Now, I’m not too crazy about religions of any sort, and I’ve got tons of friends who are friends of sundry and diverse sects, and each one considers his or her religion and god the one and true religion and god in the world. So it’s not a theme that attracts me all that much. But one day I saw a report on the news (not that I ever watch the news, must’ve been zapping that day) and it was about a girl who had grown up on a Hare Krishna commune here in Spain.
She explained that when she grew up, she moved out, got a job, rented an apartment, tried to live a normal life and do the usual thing, but she couldn’t. She found spirituality sorely lacking in the society that surrounded her, and young people her age only lived for the next alcohol orgy or the next drug-induced high, or for a roll in the hay with the first guy that they could pick up at the disco. How depressing and meaningless, no? That didn’t seem like real living to her!
She missed the warmth and friendliness of the members of her Hare Krishna community. She missed the daily prayers and chanting and most of all, she missed dressing up the Hindu gods in the morning.
She explained that every morning they dressed the statues of the gods and adorned them with different sets of jewellery. It was the highlight of her day to be surprised by the ever-new and creative manners in which the gods could be bedecked each morning. (I guess it’s a bit like a little girl dressing up her dolls, but with some religious nuances thrown in there.) So she left her apartment in the city and returned to the commune.
I thought that sounded really neat, and the truth is, I also agreed that there was a sore and noticeable lack of spirituality in general in the world that surrounded us. So I discovered that we were fortunate enough to enjoy a Hare Krishna commune right here in my own city. There aren’t too many in Spain, so I considered that a real lucky finding.
One rainy afternoon I packed the kids up and we set off in search of this elusive community. I knew which neighbourhood it was in, but not the address, since it wasn’t listed. Once we arrived in that neighbourhood, I found it harder than I expected to hunt down the commune. I had imagined that everyone in the district must know where it was, since this group is quite vocal in other cities. However, in my city, it just happened that they maintained a low profile, almost hiding away, as it was. In the end we located the commune out in the middle of a field, which on that particular afternoon was filled with mud, since it had been raining the whole day.
We went in for the Sunday chanting ceremony, which is open to the general public and which, I suppose, is intended to show lay people what they are like and what they do, in case someone is interested in joining them. True to Spanish custom, however, the ceremony actually began only about two or three hours after the time announced on their website. So we sat around in an empty hall just getting bored and twiddling our thumbs for a long time.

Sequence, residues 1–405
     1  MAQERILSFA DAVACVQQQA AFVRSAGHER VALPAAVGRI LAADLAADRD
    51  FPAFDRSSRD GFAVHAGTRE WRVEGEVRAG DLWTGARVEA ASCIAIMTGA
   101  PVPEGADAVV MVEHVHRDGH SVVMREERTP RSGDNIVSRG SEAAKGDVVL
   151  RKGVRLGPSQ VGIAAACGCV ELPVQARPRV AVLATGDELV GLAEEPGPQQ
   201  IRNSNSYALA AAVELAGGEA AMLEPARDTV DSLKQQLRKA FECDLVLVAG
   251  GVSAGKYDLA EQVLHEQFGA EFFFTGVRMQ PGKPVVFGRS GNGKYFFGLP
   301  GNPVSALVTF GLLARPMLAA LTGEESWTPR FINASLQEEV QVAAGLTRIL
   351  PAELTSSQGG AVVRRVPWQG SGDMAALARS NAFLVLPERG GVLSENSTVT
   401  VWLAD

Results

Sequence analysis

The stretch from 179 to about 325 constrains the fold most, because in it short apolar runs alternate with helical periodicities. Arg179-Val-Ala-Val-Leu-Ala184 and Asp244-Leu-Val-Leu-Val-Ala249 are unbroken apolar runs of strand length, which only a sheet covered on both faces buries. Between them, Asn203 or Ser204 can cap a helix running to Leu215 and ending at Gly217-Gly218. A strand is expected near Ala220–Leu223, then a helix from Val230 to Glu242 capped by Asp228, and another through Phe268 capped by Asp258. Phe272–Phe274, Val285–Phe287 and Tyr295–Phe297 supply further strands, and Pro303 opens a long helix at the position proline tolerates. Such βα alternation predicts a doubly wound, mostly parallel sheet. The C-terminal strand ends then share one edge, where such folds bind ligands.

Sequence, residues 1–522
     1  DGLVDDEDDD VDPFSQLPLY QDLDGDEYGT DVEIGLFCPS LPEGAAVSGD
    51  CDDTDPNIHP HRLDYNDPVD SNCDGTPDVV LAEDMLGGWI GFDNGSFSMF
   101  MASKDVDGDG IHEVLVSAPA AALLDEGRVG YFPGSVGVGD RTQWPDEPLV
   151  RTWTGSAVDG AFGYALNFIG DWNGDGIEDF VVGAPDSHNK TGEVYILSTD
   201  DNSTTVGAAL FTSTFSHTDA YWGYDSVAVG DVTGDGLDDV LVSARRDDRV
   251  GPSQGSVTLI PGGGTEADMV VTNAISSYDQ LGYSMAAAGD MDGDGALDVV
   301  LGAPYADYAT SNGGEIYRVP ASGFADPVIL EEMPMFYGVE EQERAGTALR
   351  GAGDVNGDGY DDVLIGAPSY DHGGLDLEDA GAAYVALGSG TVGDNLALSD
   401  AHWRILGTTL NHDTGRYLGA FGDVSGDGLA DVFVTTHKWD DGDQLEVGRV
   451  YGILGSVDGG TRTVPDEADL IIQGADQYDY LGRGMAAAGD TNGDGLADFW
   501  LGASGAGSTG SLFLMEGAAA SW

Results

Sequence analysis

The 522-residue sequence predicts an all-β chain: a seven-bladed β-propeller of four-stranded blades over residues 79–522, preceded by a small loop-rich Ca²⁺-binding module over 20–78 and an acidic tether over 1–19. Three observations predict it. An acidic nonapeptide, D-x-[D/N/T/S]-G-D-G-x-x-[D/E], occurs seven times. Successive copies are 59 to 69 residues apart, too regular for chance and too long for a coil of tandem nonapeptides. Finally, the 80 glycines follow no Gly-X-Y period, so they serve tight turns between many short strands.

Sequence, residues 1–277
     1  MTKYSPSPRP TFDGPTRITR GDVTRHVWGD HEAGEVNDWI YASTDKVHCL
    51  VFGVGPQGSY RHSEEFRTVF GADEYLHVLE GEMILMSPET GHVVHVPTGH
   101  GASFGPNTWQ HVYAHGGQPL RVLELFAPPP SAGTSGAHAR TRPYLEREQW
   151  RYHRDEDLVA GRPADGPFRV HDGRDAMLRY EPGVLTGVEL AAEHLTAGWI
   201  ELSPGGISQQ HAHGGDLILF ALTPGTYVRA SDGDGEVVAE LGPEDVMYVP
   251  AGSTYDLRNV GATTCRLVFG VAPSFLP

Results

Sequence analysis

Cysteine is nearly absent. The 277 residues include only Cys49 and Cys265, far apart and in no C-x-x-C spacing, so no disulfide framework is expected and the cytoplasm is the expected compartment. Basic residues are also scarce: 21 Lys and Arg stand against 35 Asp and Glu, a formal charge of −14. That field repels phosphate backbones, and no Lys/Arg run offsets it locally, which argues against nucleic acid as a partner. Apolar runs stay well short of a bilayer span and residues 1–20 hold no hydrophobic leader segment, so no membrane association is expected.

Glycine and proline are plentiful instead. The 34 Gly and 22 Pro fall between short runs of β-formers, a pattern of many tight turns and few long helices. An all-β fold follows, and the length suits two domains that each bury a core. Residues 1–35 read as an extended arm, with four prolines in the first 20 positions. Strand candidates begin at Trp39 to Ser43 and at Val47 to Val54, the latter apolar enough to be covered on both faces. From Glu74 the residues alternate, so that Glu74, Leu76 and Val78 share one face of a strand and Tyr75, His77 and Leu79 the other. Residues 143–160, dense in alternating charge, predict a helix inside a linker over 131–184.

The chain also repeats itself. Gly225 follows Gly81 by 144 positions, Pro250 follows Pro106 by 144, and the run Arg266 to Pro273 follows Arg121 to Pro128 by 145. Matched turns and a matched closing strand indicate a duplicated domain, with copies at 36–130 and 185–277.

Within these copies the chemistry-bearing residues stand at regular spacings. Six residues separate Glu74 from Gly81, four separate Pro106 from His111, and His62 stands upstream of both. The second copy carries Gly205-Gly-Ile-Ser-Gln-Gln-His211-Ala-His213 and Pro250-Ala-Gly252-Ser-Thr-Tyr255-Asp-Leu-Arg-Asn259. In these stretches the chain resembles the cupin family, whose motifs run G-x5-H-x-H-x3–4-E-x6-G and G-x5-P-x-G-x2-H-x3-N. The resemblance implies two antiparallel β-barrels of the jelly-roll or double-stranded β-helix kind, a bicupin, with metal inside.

At last, people finally started arriving. I don’t know whether it was the weather, and everyone was feeling under the clouds, or if it was the damp and chill, but seemed that no one had much energy. People drifted about looking bored (like us). A few instruments, mostly drums and guitars, were spirited out. The statues of the gods (which, on that dreary afternoon, even they appeared out of sorts and drably arrayed) were lit up and the ceremony began.
There was some half-hearted singing, of chants I had never heard before and which I didn’t find particularly beautiful – so no lovely, ecstatic, melodic intonations by George Harrison over there – and then people formed a circle and twirled around a little bit. There didn’t seem to be very much sense to it, however, actually. No one went into bliss and no one received a divine revelation. No one even seemed to be enjoying it very much. Maybe they were just hungry, or cold?
After the chanting and twirling someone regaled us with a fairly lengthy, boring sermon. Now, as I mentioned earlier, I am not too interested in religious themes, so I didn’t find the sermon particularly transcendental or life-changing. A few members, with long, depressing expressions on their faces, asked some questions full of angst about their life challenges, but no one seemed to receive a satisfactory reply since in general the answers seemed to consist of a plethora of platitudes like: “I’m sorry but I can’t help you there, only you know what is the right decision to make.” “If you trust in Krishna he will light the way for you.”
At last the best moment arrived: the food! And if truth be told, the food was indeed delicious. There was spicy dhal soup and yellow rice, some Indian flatbreads with butter and a few vegetarian dishes, followed by sweet lassi. All right, the truth is, we didn’t go there for the food. I, at least, had personally hoped to discover that delight and ecstasy that the girl had described in the news report. But, well, if we couldn’t revel in spiritual delights, at least we got the opportunity to enjoy some more earthly delicacies!
All in all, I would have to say that the people are certainly very friendly and hospitable. But if you are hungering for some spiritual fulfilment, I, at least, didn’t find that this group in particular filled my plate very much in that respect. I suppose, like they say, in the end you must still search for your spirituality and spiritual meaning within, rather than without in the things of this world.
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